One argument against the recent Brexit referendum circulating has been that it never should have happened because we have elected representatives whose job it is to make these important decisions. As such they are better equipped to engage with the nuances of policy. While this seems to make sense at face value, there are a few threads that, if pulled, unravel this argument for me.

First, the decision to hold the Brexit referendum was a policy decision! And for those of you who don’t already know, it was a political maneuver orchestrated by David Cameron, meant to unite conservative factions within parliament. So my question is, where were these qualified policy makers when this decision was made? If citizens were unqualified to vote on this issue (which seems to be the attitude for those on the losing side), what does that mean for the legislators who thought, in their “expert opinion”, citizens were qualified?

Consider that “experts” who pushed a policy of deregulation that heavily contributed to the financial crisis.

I don’t see expertise. I see special interests.

Bourdieu and Wacquant described how “economic or mathematical language [is] used to justify policy choices made on decidedly non-technical grounds.”  Economists are wielded like hammers to bludgeon ideology, and worse, into our lives.

Consider the lack of effective climate change policy across democratic states. Most of it is simply half measures informed by political and economic interests. The Paris Agreement, which has been held up as the most important political decision made in this regard, is vague and difficult to imagine as actionable. Arguably, this is the reason why it even gained the support it did. How many years has this been the case now?

In an ideal world, our representatives would be great policy makers, but we interact with the world as it is, not how we wish it to be.

This brings me to my point in my last post that we should consider other forms of democracy. I fear that the negative rhetoric around referendums only causes us to circle the wagons around the people and institutions who are to blame for the Brexit mess.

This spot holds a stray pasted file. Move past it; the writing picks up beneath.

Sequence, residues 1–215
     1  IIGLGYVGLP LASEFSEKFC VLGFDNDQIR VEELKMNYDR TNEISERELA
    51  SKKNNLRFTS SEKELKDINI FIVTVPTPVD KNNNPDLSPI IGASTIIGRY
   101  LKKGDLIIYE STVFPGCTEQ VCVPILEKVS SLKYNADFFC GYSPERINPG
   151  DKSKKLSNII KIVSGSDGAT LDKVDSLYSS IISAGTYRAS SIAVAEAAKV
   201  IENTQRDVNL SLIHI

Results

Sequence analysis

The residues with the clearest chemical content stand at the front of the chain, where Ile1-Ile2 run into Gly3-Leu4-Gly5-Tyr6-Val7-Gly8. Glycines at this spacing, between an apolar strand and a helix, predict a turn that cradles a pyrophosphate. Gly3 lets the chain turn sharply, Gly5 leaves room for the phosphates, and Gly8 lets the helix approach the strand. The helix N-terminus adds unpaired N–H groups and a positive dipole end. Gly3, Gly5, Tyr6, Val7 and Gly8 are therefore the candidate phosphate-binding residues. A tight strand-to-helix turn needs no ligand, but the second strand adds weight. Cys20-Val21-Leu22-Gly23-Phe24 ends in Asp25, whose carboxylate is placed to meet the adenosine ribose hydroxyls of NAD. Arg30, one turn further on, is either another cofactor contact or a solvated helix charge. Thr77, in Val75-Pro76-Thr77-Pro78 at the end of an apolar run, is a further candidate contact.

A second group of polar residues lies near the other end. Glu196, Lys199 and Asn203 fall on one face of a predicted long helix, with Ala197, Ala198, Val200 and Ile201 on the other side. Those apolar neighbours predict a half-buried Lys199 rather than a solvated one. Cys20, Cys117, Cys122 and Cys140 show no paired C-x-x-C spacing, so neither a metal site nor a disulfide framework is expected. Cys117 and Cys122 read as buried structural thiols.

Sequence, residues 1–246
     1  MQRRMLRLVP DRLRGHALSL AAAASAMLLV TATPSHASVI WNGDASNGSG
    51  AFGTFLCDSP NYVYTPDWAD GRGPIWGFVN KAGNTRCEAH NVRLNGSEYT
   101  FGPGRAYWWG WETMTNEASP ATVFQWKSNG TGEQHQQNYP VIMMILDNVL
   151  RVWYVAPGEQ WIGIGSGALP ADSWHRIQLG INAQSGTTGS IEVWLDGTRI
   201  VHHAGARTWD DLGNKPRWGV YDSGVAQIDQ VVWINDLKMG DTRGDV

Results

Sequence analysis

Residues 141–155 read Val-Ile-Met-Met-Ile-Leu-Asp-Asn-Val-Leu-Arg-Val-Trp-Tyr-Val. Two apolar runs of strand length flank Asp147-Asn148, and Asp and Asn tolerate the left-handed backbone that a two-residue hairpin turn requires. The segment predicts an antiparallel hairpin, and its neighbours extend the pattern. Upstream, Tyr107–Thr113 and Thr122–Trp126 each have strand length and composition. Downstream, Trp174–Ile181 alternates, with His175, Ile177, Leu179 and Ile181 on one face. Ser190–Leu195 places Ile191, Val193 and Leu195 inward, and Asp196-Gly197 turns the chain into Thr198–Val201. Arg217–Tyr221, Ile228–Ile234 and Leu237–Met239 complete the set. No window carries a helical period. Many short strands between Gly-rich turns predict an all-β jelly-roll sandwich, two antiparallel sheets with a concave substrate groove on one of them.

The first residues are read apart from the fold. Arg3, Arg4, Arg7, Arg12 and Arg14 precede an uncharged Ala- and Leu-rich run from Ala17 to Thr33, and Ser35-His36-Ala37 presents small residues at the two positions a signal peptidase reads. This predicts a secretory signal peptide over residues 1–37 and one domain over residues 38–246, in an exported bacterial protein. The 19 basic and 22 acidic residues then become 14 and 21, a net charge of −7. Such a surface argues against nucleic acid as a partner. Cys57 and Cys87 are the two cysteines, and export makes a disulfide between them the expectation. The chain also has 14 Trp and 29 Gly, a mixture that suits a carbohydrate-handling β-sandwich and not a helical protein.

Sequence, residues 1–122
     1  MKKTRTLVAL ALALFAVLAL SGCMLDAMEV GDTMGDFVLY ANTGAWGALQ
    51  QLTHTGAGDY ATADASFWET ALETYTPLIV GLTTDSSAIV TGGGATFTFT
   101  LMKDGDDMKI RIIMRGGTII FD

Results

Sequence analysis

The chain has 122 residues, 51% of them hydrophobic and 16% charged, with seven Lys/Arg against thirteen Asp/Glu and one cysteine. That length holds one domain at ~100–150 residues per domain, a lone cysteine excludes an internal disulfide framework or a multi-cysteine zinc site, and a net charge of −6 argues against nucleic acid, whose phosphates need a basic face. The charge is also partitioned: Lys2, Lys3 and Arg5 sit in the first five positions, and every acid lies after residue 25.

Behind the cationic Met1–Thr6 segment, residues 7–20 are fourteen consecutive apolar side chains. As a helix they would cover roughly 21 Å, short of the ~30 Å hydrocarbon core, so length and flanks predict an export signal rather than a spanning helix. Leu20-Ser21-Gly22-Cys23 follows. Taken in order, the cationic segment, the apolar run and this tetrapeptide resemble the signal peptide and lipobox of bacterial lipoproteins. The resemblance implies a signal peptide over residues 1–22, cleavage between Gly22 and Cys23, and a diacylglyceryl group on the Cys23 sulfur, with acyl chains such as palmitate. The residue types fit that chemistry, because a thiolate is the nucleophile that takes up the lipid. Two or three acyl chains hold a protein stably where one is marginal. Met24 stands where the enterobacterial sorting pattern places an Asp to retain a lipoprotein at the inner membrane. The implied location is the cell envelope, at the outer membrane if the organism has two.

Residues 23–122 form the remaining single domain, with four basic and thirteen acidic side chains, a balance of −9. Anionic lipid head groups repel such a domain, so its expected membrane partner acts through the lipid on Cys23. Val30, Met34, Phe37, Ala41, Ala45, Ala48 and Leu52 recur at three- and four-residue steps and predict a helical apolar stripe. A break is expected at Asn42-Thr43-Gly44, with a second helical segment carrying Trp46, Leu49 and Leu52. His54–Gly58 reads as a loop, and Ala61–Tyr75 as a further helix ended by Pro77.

Hopefully we don’t look at the Democratic Republic of the Congo and say “Well, democracy doesn’t work.” Likewise, we shouldn’t look at a poorly executed referendum as proof that all referendums are bad. As George Orwell aptly described in his essay, “Politics and the English Language,” words often carry diverse definitions and this murkiness is used for political manipulations. It is in the best interest of political elites for us to shun all forms of referendums.

In my last post., I argued that deliberative democracy (DD) is a better way to augment referendums, but as some are quick to point out, citizens are generally ignorant on most policy. But what if we could find out what positions an informed populace would take?

DD methods provide a framework whereby citizens can deliberate on policy issues. Specifically, a stratified random sample of citizens, based on key population indicators, are provided with a wide selection of policy briefs and access to relevant policy makers. Moderators then guide citizens through deliberative sessions where diverse opinions coalesce to create policy recommendations. These policy recommendations can then be voted on in a referendum.

Had the idea of leaving the EU been put through the DD process, it is very likely that the issue would have never even made it to a referendum. This is due to the effectiveness of DD in modifying citizen opinions and can be effectively measured in a number of ways. (see also)

One advantage of DD methods is that it carries a level of trust that is not afforded legislators or other policy makers. DD can potentially sate the bloodlust of an angry citizenry as they see people similar to them coming to reasonable policy decisions. Governments get what they pay for with DD, and when effectively harnessed, it has the potential to modify the attitudes of citizens at large.

Admittedly, deliberative democracy has some kinks to work out. Time is necessary to further develop it as a potential mainstream democratic institution. But it is a way forward.